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Recommending Gifts

Introduction

Yahoo Finance and Ipsos collaborated on a survey1 last week that looked at the role of investments in holiday gift-giving. The population surveyed was a nationally-representative sample of nearly 1,100 Americans. One of the key findings was that approximately 70% of Americans would be happy to receive a financial product as a holiday gift, while 43% would be even more enthusiastic about such a gift.2 Of those respondents interested in receiving an investment-related product for Christmas, the majority cited two reasons for their desire: saving for the future and building wealth.‍

Source: Yahoo Finance/Ipsos Poll, November 2023

Notes: (1) Responses add up to more than 100% because respondents could select multiple reasons. (2) Only respondents who said they would be “happy” or “very happy” to receive a financial product for Christmas responded to this question (i.e., 68% of the total sample).

While these general findings are compelling on their own, there are also interesting differences by generational cohort and household income (HHI). Across generations, we see differences in the desire for financial products as a Christmas gift. Specifically, Baby Boomers are the most positive, while Gen Z is the least (preferring a gift card over an investment product). These findings seem to paint a clear picture that as Americans get older, they are more interested in receiving investment products—likely because the goals of saving and building wealth (the two most-cited reasons for wanting such a gift) are more important and relevant to individuals as they get older.‍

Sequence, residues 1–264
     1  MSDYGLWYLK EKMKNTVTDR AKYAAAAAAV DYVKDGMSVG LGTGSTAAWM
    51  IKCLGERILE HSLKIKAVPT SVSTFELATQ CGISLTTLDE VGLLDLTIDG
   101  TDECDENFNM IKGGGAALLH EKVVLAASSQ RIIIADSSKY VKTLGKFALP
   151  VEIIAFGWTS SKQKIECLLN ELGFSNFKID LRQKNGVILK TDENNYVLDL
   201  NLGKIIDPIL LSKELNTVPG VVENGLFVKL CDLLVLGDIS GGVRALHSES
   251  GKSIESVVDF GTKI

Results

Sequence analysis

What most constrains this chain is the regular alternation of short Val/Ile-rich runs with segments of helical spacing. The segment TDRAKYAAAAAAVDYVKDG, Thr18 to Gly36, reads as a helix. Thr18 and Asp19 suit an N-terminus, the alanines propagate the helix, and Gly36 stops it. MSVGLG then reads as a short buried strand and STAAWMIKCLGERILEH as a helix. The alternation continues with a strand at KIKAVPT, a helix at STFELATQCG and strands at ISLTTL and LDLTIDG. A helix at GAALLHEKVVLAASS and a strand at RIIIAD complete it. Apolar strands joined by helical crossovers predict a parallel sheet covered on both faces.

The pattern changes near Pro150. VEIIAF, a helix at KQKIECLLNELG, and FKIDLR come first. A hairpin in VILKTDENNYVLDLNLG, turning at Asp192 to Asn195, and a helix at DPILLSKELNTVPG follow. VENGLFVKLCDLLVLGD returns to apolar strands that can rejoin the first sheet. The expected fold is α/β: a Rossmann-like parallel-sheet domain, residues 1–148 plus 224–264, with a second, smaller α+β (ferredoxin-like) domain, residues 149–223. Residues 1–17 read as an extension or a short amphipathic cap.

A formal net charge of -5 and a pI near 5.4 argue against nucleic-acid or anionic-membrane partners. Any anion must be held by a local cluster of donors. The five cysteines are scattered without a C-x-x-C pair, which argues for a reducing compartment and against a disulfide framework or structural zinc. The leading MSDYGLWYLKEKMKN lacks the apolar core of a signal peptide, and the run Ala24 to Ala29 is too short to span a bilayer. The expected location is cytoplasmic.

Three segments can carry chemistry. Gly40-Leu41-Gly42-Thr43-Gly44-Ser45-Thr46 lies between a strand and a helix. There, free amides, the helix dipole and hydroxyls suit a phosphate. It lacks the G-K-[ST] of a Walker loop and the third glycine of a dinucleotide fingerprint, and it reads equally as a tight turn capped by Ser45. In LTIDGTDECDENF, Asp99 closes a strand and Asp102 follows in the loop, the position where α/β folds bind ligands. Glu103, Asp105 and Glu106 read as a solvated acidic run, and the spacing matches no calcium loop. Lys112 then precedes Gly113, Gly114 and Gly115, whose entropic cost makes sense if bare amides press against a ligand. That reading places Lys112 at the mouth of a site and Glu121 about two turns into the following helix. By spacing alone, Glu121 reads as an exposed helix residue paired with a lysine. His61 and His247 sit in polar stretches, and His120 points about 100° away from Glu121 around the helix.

Source: Yahoo Finance/Ipsos Poll, November 2023

Note: (1) Results show percent of respondents within each generational cohort who would be “happy” or “very happy” to receive an investment-related product as a Christmas gift.

Household income (HHI) also has a significant effect on an individual’s desire to receive a financial product for Christmas. The group that seems most interested are those with $100,000 or more in annual HHI, while the group that is least interested have HHI’s less than $50,000. This suggests that interest in such products as gifts is at least partially driven by access to additional monetary resources—those with lower incomes likely want different forms of cash (those that could be used more generally), live paycheck-to-paycheck and need additional income now (vs. in the future), or want to reach a more financially secure place before engaging in investment activities. It’s also possible that those who spend most of their income on necessities would like to be “forced” to enjoy non-discretionary spending (or non-utilitarian products).‍

Source: Yahoo Finance/Ipsos Poll, November 2023

Note: (1) Results show percent of respondents within each household income (HHI) bucket who would be “happy” or “very happy” to receive an investment-related product as a Christmas gift.

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